Yes, I allowed, it must help the sprouts ...
Dorn’s next four books, published between 1964 and 1967 in England, where he has always enjoyed a larger reputation than in the United States, are all substantial and of interest, but show the poet drifting toward a poetry of ideas – the language is more abstract, the tone is often didactic or censorious and the poems now spread out; the once expertly handled, supple measures begin to dissolve into prose.
Then, in 1968, Black Sparrow Press published “Gunslinger, Book I,” included here in this New and Selected. The poem – the last of its four books was released in 1974 – comes out of left field. Nothing in the previous work seems to anticipate it. The influence of Olson and Black Mountain is no longer in evidence, as it had been earlier, especially in the volumes published in England. It is altogether a brilliant and strange performance, with no true parallels in American poetry, at least up until then: comedic, phantasmagoric, a mix of spaghetti western, psychedelic cartoon, allegory and quest saga, chockablock with puns, gags and metaphysical, epistemological and phenomenological asides, not to mention plenty of first-rate poetry. It’s a mess, to be sure, but a glorious mess, featuring a 2,000-year-old Gunslinger, his pot-smoking, talking horse, Claude Lévi-Strauss, a formidable brothel owner named Lil who seems to be in charge of things, not to mention a character named “I” who is disposed of partway through, only to reappear a couple of books later as the messenger of the pre-Socratic philosopher Parmenides. It’s a druggy poem, written at a druggy time. The voice, which Dorn handles with mad aplomb, continually transforms from hipster to Hollywood cowboy to mock literary, spouting scientific terms and speculations on the nature of language as it all proceeds, vaguely in the direction of Howard Hughes in Las Vegas. If it’s not the major 20th-century long poem a number of serious critics claim it to be – it’s all over the place, hit and miss, and some of the gags go on too long, like an inside joke among stoned friends – it’s the work of a brilliant, wildly original, very funny poet firing on all cylinders.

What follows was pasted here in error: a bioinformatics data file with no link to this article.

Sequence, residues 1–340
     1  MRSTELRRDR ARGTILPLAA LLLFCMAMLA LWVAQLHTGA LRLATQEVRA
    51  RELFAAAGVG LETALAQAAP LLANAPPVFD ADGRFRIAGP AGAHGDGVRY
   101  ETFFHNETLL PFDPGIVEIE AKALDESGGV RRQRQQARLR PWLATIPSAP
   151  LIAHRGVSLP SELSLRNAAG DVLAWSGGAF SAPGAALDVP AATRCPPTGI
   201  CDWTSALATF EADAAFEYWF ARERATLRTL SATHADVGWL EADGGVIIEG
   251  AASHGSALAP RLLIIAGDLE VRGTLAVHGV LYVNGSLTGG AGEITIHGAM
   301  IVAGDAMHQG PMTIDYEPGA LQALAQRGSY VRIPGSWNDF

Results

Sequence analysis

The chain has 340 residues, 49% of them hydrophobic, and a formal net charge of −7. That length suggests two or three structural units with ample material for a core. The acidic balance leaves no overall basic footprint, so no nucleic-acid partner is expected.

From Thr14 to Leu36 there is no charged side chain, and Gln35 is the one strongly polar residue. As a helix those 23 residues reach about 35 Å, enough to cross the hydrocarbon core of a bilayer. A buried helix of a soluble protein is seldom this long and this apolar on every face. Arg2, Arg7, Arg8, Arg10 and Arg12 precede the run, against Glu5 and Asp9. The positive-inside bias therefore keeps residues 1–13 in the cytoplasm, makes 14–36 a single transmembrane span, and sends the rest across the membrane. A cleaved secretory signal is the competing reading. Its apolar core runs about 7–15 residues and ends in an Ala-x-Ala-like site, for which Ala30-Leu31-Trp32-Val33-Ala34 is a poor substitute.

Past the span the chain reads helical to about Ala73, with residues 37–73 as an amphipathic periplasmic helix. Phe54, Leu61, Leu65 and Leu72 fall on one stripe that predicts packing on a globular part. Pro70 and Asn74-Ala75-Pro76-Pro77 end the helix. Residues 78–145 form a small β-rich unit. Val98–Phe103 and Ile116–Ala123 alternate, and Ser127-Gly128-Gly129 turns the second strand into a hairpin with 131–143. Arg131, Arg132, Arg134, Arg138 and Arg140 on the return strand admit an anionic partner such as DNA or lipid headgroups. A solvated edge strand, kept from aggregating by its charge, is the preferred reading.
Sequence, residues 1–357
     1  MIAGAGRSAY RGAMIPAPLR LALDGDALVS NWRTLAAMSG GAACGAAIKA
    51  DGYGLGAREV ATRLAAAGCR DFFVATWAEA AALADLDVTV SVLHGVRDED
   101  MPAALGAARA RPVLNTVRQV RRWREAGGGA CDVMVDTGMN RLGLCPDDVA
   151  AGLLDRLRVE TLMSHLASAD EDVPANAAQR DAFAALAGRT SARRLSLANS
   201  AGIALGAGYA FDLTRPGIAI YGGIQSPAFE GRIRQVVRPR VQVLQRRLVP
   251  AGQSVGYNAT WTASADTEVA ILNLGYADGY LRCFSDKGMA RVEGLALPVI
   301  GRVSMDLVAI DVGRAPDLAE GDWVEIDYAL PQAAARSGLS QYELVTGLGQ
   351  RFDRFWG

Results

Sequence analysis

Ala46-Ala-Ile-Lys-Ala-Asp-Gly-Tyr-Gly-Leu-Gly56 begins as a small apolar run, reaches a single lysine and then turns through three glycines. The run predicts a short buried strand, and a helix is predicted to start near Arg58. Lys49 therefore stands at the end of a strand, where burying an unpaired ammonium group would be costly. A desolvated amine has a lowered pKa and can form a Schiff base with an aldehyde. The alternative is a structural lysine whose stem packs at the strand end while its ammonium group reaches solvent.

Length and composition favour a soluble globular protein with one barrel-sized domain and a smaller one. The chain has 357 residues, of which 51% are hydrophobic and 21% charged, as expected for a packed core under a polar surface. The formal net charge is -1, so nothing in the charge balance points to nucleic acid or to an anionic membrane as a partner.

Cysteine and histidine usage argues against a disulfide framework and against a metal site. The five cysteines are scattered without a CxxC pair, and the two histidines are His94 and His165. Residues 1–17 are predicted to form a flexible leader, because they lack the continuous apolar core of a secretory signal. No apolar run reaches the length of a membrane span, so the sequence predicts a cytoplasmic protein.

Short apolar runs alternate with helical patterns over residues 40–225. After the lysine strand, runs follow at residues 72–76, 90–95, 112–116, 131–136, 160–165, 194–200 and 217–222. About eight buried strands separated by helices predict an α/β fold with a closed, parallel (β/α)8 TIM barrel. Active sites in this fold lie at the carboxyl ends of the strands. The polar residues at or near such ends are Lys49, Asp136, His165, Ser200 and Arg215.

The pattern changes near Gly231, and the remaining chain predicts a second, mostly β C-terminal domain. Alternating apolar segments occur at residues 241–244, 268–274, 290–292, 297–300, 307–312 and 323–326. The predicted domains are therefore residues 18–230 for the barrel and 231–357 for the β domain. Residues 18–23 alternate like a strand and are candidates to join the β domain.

After “Gunslinger” there’s a precipitous, rather mysterious, falling off in the quality of Dorn’s poetry, from roughly 1974 on. From the beginning, Dorn’s sense of the primacy of landscape and geography, along with the depredations visited upon it by the state and unrestrained capital, informs the poetry, directly or indirectly. Dorn knew firsthand about the victimization of the poor, the dispossessed and working people, and he knew which side he was on. But the political urgency of the later writing seems to overtake the poetry and, finally, to undermine it. The poetry has turned into prose, and not very interesting prose. The political, cultural and economic “abhorrences” (as he called them), however righteous, are commonplace. The satire and invective are, for the most part, flat. Although, to be fair, some of the funniest bits, left out of this collection, dwell in the range between tasteless and ugly. There’s a pervasive carping, splenetic tone that pervades these last books, sinking them.
But that’s Dorn. Throughout his career, he was the least endearing, domesticated or predictable of poets, always determined to go his own way, no matter what anyone thought. And if he hadn’t been that way, American poetry would be a lot less vital and interesting.